And for those of you outside the US, I hope Thursday didn't suck too much.
It's 6:52 am, on Thanksgiving morning, and I decided that I will participate in Mama Kat's Writer's Workshop today. The prompt I chose is Describe a memorable Thanksgiving.
It's not like I have to cook a big Thanksgiving dinner today. It's weird not cooking a big Thanksgiving meal - I've either helped in the preparation, or cooked the whole shebang for decades.
I was 32 years old when I had to deal with the FIRST Thanksgiving dinner I ever cooked, all "by myself". When I say "by myself", I really mean without my mom nagging me. So although I didn't have her guiding hand (snicker, snicker), I did have my daughters helping me with the preparation of food - and I'm sure that if nagging was required, they'd have done that, too!
The year? 1989. Though I was an adult, it was a year of firsts.
That July, my daughters and I made the arduous first car trip from PA to our new home in CA. I had never driven that far by myself before (or since, now that I think about it).
Thousands of miles away from our familiar (and familial) stomping grounds. Learning to rely on myself, instead of reaching out to family - I grew up that year.
When Thanksgiving rolled around, I was ready to tackle the turkey and all the trimmings.
My daughters and I started some new Thanksgiving traditions - sparkling grape juice, cole slaw and fruit salad were all added to the menu. They cut fruit and shredded cabbage while the turkey turned golden brown in the oven.
We had fresh flowers as our centerpiece (you know, the $3 bouquet from the grocery store); we're classy like that.
Our small table was crowded with food...
Way too much food for three
Even though I was oh so thankful to be surviving our new life adventure (and my first time away from family), and I loved my daughters more than life itself, I felt lonesome for the noise and chatter of Thanksgiving pasts.
The day before Turkey Day, I had told my co-workers that I would bring them a plate of food when they had to work the lonely Thanksgiving shift (we worked in a software telephone support center for military hospitals).
So instead of sitting down to our dinner, I told the girls to help me put ALL the food in containers - we were taking our movable feast to work!
The turkey was returned to the roaster. Food was piled into two laundry baskets for transfer.
I called work and said that I'd be bringing whomever showed up at work "a plate of food".
I even brought the tablecloth and candles...but I forgot the butter for the rolls.
When I arrived at work, I called from the lobby to see if anyone could help us carry our bounty.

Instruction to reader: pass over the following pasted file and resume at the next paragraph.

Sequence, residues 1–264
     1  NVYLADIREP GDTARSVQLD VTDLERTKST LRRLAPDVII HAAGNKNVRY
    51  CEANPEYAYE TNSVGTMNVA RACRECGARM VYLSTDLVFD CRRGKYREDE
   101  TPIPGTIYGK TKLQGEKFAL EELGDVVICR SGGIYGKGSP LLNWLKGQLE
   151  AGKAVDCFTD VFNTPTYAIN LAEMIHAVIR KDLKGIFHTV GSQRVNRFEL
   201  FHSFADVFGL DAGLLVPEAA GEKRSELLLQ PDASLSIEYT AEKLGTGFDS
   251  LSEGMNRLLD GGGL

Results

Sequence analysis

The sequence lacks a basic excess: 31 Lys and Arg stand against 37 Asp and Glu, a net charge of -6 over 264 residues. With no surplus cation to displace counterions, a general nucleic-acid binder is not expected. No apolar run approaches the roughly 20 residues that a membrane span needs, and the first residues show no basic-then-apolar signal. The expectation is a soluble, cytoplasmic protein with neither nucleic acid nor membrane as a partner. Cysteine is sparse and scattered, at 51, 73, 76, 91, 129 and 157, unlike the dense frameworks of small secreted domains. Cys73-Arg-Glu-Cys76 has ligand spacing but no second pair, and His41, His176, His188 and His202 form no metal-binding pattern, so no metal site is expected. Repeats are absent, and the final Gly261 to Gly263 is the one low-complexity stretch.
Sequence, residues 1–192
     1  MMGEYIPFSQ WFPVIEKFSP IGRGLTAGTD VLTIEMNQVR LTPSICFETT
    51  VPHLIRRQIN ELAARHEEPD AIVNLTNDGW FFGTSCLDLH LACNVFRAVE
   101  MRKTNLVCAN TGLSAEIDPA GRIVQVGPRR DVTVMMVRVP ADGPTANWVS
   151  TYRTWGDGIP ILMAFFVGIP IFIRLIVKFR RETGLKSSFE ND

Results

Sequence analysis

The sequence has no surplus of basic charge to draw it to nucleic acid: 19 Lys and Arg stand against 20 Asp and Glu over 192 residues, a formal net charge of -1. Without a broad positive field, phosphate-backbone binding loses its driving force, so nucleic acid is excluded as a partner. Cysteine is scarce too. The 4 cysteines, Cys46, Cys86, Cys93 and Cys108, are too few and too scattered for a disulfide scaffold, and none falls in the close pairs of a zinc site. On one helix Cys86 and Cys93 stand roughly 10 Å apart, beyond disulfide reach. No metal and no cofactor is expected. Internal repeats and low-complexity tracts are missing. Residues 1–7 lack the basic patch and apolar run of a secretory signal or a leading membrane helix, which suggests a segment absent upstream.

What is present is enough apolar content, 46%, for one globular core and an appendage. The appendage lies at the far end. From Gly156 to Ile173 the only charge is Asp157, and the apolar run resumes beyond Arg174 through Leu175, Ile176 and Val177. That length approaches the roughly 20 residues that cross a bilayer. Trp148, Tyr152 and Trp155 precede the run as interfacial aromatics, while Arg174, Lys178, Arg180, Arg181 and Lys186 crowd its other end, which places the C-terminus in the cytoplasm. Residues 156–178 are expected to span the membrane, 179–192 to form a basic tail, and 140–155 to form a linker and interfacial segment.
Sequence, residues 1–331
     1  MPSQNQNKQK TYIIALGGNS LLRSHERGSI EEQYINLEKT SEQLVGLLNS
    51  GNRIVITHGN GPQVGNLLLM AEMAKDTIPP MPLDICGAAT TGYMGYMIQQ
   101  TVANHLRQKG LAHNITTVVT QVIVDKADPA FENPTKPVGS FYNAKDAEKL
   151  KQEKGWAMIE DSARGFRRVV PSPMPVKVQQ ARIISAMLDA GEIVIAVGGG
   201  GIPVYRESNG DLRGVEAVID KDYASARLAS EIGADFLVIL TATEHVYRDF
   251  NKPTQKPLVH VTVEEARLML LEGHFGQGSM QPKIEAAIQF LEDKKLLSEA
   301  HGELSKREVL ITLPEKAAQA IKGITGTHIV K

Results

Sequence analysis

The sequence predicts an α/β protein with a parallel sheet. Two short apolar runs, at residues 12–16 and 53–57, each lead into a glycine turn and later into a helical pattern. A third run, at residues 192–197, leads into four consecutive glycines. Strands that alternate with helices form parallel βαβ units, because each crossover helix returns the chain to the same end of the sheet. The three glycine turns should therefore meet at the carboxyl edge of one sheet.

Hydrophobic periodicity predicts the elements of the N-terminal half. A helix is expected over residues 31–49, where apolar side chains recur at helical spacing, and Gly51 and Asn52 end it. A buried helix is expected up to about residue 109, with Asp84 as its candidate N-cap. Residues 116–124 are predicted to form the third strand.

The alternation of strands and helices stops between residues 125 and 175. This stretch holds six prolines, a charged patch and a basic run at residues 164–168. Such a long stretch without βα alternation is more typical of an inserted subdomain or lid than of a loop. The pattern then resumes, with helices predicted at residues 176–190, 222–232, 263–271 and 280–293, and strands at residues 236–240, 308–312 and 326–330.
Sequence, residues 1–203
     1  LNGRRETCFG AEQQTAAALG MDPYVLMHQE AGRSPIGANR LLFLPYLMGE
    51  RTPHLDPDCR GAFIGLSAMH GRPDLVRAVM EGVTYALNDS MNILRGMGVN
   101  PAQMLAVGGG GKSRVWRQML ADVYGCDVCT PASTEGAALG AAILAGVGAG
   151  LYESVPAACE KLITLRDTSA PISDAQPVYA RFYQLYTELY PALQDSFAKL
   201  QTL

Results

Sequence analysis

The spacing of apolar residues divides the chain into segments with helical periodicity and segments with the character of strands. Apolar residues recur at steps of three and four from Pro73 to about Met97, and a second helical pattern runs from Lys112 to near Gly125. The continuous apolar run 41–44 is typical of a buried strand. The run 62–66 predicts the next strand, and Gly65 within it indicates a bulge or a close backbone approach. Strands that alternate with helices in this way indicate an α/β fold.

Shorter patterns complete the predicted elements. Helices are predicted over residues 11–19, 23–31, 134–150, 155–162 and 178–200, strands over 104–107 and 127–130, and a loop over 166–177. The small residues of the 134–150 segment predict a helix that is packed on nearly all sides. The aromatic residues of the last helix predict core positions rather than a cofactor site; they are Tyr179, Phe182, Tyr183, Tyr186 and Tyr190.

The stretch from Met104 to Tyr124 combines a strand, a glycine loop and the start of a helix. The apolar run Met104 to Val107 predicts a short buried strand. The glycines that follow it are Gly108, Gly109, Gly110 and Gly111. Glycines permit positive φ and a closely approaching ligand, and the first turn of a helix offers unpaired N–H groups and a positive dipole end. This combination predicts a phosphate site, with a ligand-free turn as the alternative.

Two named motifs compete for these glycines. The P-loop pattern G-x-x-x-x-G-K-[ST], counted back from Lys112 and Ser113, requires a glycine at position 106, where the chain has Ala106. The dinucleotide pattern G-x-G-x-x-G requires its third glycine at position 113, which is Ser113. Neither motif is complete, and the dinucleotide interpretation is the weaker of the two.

I wish I had had a camera to capture the look on their faces when I opened the van door!
Our dinner soon resided on a long table. Despite the work furnishings, it looked downright homey.
And the scent of the food permeated the building. Even though we were on the sixth floor - other employees (from other floors) who worked that day started showing up.
I think the security guard tipped them off.
Soon we had a full table of hungry people.
They may have been hungry for the turkey, stuffing and mashed potatoes - but I was hungry for the companionship and conversation that occurs around the table.
We shared our food with our new, adopted (albeit, temporary) family. It's one Thanksgiving I won't forget.
Here's a joke that I received in my email - hope it makes you smile.
The Profane Parrot
A young man named John received a parrot as a gift. The parrot had a bad attitude and an even worse vocabulary.
Every word out of the bird's mouth was rude, obnoxious and laced with profanity. John tried and tried to change the bird's attitude by consistently saying only polite words, playing soft music and anything else he could think of to 'clean up' the bird's vocabulary.
Finally, John was fed up and he yelled at the parrot.
The parrot yelled back.
John shook the parrot and the parrot got angrier and even more rude. John, in desperation, threw up his hands, grabbed the bird and put him in the freezer.
For a few minutes the parrot squawked and kicked and screamed.
Then suddenly there was total quiet. Not a peep was heard for over a minute.
Fearing that he'd hurt the parrot, John quickly opened the door to the freezer. The parrot calmly stepped out onto John's outstretched arms and said, "I believe I may have offended you with my rude language and actions. I'm sincerely remorseful for my inappropriate transgressions and I fully intend to do everything I can to correct my rude and unforgivable behavior."
John was stunned at the change in the bird's attitude.
As he was about to ask the parrot what had made such a dramatic change in his behavior, the bird spoke up, very softly, "May I ask what the turkey did?"
Now go check out all the great responses to Mama Kat's prompts!